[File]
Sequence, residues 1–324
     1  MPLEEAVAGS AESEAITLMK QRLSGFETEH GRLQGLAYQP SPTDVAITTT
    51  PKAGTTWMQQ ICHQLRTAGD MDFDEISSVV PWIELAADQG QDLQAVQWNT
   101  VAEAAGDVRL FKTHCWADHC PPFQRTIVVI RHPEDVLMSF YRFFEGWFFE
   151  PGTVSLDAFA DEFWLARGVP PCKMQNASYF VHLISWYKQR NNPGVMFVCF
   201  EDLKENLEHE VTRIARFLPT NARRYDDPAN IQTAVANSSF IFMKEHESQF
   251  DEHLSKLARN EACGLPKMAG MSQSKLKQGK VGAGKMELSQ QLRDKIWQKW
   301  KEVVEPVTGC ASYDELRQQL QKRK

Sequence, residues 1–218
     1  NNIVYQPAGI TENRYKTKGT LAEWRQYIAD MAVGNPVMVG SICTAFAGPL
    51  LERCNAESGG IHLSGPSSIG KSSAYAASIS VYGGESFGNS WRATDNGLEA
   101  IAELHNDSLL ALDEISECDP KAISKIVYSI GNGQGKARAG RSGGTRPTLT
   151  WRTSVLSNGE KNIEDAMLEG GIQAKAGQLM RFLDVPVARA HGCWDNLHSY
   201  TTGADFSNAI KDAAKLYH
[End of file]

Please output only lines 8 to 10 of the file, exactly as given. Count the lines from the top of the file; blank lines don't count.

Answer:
   301  KEVVEPVTGC ASYDELRQQL QKRK

Sequence, residues 1–218
     1  NNIVYQPAGI TENRYKTKGT LAEWRQYIAD MAVGNPVMVG SICTAFAGPL